The NOP receptor, the fourth receptor in the opioid receptor family, is found throughout the brain and is involved in a variety
of CNS systems and pathways. The endogenous ligand for NOP receptors, nociceptin/orphanin FQ (now called N/OFQ), was originally
thought to increase a painful stimulus since intracerebroventricular (i.c.v.) administration of this heptadecapeptide led to a decrease in
tail-flick and hot-plate latency in mice. Further studies suggested that N/OFQ blocks opiate analgesia when administered i.c.v. but potentiates
opiate analgesia and has antinociceptive activity when administered intrathecally. I.c.v. administration of N/OFQ has other beneficial
actions including inhibition of reward induced by several different abused drugs, as well as anti-anxiety activity. Recent work has
demonstrated that individual small molecules that activate both NOP and mu receptors possess mu-mediated antinociceptive activity with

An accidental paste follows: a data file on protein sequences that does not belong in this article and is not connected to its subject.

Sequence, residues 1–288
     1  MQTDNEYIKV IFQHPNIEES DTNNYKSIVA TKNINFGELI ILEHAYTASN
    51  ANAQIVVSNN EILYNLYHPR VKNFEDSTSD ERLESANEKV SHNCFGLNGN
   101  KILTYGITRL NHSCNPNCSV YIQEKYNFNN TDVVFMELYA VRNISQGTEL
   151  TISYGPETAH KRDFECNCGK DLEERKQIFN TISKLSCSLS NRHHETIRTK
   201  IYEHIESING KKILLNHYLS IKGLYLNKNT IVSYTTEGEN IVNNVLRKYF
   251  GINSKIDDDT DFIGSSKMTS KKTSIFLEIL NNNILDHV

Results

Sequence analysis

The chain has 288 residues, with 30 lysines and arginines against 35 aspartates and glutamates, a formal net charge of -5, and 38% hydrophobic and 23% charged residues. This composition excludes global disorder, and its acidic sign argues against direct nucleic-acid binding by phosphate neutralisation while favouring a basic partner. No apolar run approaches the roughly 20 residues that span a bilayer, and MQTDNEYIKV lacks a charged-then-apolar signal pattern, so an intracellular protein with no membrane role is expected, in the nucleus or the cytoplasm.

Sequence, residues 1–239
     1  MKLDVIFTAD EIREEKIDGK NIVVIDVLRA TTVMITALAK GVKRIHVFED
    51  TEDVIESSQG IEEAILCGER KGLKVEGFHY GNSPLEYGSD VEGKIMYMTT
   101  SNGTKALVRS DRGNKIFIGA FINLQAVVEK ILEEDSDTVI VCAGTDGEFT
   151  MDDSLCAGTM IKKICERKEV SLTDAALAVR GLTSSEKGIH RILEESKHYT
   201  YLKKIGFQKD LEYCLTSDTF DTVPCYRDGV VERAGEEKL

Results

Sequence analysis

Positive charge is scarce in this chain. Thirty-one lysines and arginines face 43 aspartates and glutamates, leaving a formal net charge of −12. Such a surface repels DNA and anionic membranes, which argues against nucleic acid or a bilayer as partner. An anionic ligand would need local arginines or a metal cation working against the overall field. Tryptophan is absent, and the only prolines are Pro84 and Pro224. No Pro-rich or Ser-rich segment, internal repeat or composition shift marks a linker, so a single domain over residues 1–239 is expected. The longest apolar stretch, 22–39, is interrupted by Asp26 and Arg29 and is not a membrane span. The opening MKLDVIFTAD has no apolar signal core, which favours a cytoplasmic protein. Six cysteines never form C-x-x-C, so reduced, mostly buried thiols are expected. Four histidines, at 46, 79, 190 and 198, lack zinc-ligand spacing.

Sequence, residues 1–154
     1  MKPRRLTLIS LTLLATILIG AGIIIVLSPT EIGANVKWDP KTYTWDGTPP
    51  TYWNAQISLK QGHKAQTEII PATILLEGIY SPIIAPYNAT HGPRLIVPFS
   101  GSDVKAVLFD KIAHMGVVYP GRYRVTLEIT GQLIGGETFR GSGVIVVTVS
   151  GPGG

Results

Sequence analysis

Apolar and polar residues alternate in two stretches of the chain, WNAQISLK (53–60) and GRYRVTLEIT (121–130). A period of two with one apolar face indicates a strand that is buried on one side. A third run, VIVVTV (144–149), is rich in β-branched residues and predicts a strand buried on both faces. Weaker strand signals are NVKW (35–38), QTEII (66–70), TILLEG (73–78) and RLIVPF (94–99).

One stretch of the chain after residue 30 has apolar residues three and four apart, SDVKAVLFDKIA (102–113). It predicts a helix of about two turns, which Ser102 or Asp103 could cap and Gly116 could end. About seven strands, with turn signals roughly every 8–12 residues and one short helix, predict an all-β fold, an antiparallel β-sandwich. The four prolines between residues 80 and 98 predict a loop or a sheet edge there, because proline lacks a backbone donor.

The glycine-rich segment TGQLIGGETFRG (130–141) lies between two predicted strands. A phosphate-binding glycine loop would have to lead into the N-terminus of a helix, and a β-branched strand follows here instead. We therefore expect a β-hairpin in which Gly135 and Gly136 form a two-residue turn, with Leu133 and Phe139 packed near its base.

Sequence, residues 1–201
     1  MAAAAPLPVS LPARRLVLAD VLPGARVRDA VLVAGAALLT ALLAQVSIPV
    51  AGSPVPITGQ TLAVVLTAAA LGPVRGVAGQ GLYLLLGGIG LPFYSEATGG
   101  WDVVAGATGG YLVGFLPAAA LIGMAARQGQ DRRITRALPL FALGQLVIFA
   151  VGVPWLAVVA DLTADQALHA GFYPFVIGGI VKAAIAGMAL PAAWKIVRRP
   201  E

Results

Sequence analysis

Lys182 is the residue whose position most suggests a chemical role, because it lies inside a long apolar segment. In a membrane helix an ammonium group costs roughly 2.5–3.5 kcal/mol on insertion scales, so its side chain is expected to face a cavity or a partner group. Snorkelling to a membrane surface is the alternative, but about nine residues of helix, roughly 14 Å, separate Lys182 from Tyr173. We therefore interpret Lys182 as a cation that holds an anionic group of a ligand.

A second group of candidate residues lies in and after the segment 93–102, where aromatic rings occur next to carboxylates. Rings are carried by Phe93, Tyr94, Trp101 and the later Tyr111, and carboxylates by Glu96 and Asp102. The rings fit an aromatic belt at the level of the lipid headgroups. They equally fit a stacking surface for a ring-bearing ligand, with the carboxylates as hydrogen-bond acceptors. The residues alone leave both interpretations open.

reduced reward, as determined by conditioned place preference tests. Furthermore, selective NOP receptor agonists appear to be active in
certain chronic pain models and reduce both drug craving and anxiety. NOP receptor antagonists may also have therapeutic benefits since
both peptide and small molecule antagonists have anti-depressant activity in two different animal models. Therefore, both selective NOP
receptor compounds and non-selective compounds, with both NOP receptor and mu opioid receptor activity, appear to have potential for
clinical use for several neurological and psychiatric disorders including acute and chronic pain, drug abuse, anxiety and depression.
Keywords: Nociceptin/orphanin FQ, NOP receptor, antinociception, drug abuse, anxiety, antidepressant, Parkinson’s disease.
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